Hunter Technical Support Document

Share

Choosing A Hunter Valve

Topics: 
Educational

When determining what might be the best valve for your particular needs, it is a good idea to keep these considerations in mind:

Choose a valve that will operate at the pressure available on the project. If your system will be subject to pressure surges or water hammer, the surge can be several times higher than your static pressure (for large projects, it's best to choose a valve with a higher operating pressure). A valve with a 200 psi (13.8 bars/1378.96 KPa) rating will provide the best long-term performance.

Choose a valve that will be easy to work on should the need ever arise. For example, the ICV's bonnet bolts, solenoid plunger and plunger spring, diaphragm and diaphragm spring are all captive parts, eliminating the chance of their becoming lost. Additionally, the bonnet bolts can be loosened or tightened with a variety of tools, so servicing is always easy.

Look for a valve that has bonnet bolt holes which are open at the bottom. This allows dirt to fall through the bolt hole instead of packing to the bottom, where it would make it impossible to tighten the bonnet bolts.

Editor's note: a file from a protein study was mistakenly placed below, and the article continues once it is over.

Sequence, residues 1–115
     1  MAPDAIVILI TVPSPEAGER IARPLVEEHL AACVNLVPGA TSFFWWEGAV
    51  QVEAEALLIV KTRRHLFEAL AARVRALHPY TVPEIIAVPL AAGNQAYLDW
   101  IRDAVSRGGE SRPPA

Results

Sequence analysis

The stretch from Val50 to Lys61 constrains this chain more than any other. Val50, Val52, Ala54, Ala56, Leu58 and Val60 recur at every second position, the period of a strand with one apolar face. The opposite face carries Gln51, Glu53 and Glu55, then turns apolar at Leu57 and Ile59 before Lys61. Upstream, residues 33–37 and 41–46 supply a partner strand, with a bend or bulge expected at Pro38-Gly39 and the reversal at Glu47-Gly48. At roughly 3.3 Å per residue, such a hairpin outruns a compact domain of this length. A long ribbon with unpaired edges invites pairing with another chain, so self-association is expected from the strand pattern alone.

Choose a valve to specifically handle reclaimed, well or lake water (if needed). Valve diaphragm filters can get clogged by high amounts of sand, particle debris, algae, minerals, sludge or other contaminants commonly found in such water sources. Hunter valves (especially HPV, ICV and HBV) have excellent self-flushing filtering systems with a specially designed turbulent flow around the diaphragm filter to wash contaminants away and assure reliable operation. With especially dirty or effluent water this action may not completely clean, and thus may eventually clog, some filters.

When working with algae or other biological contaminants, or where longer life is desired, select a valve with a mechanical filter cleaner. To eliminate clogged filters and the time spent for cleaning, or simply for extra insurance in clean water applications, use a valve such as the ICV. Its extra large filter and optional Filter Sentry™ system scours the filter clean each time it opens or closes, making this valve a good choice for both installations where long-term reliability is an absolute must, as well as situations where biological water is being used.

 

Rate this Article: 
Average: 2.7 (3 votes)

Related Links